Most dental insurance plans consider basic care services such as extractions or root removals, cavity fillings, steel crowns and even space maintainers. Some plans do not include a waiting period for these basic care services, while other plans may have a waiting period before basic care services are covered.

Major care

Oral surgery, root canals, dentures and inlays/onlays/crowns are typically considered major dental procedures. For major dental procedures, most dental insurers typically have a waiting period of either 6 or 12 months after you enroll. You’ll want to check the plan’s details to understand how long the waiting period is for major dental procedures.

Types of dental waiting periods and coverage exclusions

Generally, there are 3 main reasons why your new dental plan will not include immediate coverage:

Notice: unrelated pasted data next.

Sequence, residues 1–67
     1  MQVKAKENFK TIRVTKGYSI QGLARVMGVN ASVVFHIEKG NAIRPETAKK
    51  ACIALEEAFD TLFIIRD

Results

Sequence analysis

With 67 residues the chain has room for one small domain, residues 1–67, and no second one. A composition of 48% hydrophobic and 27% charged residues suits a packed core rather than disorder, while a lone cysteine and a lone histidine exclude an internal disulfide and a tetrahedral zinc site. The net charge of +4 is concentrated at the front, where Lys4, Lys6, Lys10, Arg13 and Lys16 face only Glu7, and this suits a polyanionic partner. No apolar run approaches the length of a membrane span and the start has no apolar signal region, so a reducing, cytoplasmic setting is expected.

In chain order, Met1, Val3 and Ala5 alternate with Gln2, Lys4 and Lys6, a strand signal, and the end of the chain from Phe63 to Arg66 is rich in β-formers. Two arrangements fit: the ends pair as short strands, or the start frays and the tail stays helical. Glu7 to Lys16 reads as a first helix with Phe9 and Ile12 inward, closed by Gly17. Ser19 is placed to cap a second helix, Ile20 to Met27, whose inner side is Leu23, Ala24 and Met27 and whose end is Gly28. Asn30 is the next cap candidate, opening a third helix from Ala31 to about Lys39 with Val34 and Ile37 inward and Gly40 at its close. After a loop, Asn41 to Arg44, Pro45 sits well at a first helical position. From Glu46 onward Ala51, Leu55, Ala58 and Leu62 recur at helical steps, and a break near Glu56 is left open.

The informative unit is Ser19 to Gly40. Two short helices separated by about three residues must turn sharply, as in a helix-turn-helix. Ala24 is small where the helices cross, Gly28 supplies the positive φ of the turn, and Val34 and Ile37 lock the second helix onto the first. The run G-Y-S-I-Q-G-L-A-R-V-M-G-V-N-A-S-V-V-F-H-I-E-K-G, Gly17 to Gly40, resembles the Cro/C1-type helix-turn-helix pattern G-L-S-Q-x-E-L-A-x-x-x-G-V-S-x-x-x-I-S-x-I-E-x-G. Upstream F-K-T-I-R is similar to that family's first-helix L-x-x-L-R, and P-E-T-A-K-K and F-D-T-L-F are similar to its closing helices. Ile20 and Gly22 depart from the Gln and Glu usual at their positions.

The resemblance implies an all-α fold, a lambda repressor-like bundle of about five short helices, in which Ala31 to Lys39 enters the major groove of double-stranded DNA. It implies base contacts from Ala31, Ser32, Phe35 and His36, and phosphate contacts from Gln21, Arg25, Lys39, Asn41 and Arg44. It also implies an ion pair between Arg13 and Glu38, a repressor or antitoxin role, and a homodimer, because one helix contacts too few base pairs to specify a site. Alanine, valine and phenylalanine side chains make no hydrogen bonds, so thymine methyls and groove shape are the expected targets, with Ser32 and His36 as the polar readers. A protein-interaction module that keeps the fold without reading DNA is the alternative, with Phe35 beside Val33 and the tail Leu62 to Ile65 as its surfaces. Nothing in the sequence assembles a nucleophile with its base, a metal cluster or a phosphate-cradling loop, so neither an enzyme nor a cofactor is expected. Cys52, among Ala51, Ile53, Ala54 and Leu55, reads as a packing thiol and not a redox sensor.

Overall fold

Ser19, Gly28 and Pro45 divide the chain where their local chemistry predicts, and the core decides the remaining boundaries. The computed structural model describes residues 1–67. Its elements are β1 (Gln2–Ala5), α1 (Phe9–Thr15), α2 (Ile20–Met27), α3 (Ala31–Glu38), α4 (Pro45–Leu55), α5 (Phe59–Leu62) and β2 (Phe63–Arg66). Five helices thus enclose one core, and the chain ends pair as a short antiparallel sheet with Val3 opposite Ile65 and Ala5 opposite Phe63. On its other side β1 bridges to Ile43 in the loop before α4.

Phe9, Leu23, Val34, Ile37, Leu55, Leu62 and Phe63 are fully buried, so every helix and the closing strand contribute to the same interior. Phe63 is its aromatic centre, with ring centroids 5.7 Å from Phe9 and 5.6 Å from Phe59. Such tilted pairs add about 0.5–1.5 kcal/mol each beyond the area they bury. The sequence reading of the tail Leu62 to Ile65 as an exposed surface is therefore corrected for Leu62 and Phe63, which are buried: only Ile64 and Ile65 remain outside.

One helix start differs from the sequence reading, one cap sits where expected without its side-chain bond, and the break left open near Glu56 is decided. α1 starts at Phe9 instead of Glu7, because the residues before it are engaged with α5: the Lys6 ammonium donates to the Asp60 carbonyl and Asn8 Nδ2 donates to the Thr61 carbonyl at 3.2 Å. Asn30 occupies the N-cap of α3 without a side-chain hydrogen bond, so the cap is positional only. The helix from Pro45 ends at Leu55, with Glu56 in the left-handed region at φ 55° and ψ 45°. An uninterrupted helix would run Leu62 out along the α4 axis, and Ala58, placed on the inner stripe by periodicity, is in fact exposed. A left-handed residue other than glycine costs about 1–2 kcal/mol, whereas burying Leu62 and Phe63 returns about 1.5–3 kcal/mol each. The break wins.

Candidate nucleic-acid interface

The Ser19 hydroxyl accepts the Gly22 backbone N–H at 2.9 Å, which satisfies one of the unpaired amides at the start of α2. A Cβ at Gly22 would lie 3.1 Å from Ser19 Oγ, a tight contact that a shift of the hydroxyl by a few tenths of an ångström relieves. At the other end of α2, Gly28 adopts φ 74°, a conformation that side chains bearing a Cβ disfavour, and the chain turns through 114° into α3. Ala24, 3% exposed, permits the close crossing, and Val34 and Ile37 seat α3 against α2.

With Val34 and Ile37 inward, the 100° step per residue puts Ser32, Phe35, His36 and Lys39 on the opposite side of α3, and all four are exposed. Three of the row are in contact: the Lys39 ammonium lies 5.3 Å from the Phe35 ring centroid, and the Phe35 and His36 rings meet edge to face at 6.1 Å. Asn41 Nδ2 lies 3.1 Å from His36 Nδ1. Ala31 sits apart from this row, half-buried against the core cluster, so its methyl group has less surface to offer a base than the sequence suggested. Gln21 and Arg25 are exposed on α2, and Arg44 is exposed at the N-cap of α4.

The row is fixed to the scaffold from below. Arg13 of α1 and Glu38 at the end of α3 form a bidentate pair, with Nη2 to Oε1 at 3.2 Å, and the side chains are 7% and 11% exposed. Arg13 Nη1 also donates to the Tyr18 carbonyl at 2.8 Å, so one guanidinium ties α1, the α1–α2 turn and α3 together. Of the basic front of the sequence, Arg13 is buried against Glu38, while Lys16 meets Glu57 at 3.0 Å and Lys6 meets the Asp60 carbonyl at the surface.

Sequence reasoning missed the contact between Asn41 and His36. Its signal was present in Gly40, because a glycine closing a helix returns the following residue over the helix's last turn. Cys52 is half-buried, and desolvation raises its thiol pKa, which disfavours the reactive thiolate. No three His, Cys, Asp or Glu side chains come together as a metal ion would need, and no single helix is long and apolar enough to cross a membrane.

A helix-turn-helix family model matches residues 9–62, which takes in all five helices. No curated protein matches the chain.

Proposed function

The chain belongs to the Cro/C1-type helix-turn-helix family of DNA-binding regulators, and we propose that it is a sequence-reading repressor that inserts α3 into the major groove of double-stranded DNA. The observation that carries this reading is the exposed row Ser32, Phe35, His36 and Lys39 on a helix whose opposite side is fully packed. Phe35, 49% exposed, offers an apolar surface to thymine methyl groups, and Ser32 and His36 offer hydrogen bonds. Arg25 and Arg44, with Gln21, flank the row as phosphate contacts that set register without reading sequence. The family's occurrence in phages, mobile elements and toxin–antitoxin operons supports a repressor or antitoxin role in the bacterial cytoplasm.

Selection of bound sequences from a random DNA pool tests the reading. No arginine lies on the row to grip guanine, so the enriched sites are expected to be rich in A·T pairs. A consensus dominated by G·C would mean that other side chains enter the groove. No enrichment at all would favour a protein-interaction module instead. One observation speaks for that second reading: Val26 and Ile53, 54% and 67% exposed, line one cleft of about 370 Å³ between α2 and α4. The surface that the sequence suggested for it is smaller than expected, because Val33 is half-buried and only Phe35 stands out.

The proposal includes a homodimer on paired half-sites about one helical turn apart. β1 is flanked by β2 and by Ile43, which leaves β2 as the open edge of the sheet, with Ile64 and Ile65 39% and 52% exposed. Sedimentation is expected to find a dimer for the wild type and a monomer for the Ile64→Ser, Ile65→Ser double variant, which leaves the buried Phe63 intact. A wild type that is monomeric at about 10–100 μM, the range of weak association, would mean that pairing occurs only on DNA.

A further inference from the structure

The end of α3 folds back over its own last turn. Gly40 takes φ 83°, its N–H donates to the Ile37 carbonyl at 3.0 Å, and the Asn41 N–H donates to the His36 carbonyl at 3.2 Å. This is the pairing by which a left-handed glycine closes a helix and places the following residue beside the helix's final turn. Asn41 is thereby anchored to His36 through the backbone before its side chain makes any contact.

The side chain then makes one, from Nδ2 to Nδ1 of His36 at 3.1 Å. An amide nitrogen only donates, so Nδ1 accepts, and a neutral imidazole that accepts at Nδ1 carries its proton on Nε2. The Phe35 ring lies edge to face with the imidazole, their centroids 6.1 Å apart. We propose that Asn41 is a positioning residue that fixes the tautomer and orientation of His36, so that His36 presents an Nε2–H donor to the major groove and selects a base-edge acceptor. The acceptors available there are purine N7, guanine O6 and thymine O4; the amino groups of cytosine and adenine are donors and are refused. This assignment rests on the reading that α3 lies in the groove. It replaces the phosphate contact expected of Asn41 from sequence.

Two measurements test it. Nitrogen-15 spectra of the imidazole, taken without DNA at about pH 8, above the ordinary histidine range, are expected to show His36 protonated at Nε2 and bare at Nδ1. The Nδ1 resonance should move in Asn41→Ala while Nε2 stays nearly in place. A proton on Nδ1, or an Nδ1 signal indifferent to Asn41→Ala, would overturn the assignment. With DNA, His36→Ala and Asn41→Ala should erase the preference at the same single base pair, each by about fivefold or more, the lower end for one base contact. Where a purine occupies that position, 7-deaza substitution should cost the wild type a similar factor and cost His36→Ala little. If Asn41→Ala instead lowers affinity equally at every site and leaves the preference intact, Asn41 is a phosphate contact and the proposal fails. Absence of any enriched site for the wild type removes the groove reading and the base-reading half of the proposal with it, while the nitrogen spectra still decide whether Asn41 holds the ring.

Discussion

Employer-based plan waiting periods

If your dental insurance plan is secured through your employer, there may be 2 waiting periods that can affect your coverage.

Your employer may have a waiting period before you are eligible to receive benefits.

Once you are eligible to enroll with a new dental plan through your employer, your dental plan may also include a waiting period for certain services, typically for basic and major services.

Individual dental plan waiting periods for new policyholders

When you purchase a new dental insurance plan, the plan may include standard waiting periods of 3, 6 or 12 months before all dental procedures are covered, as dictated by the terms of the plan.

Most dental insurance plans have no waiting period for preventive care, but may include waiting periods for basic care or major dental services.

Understanding benefit limitations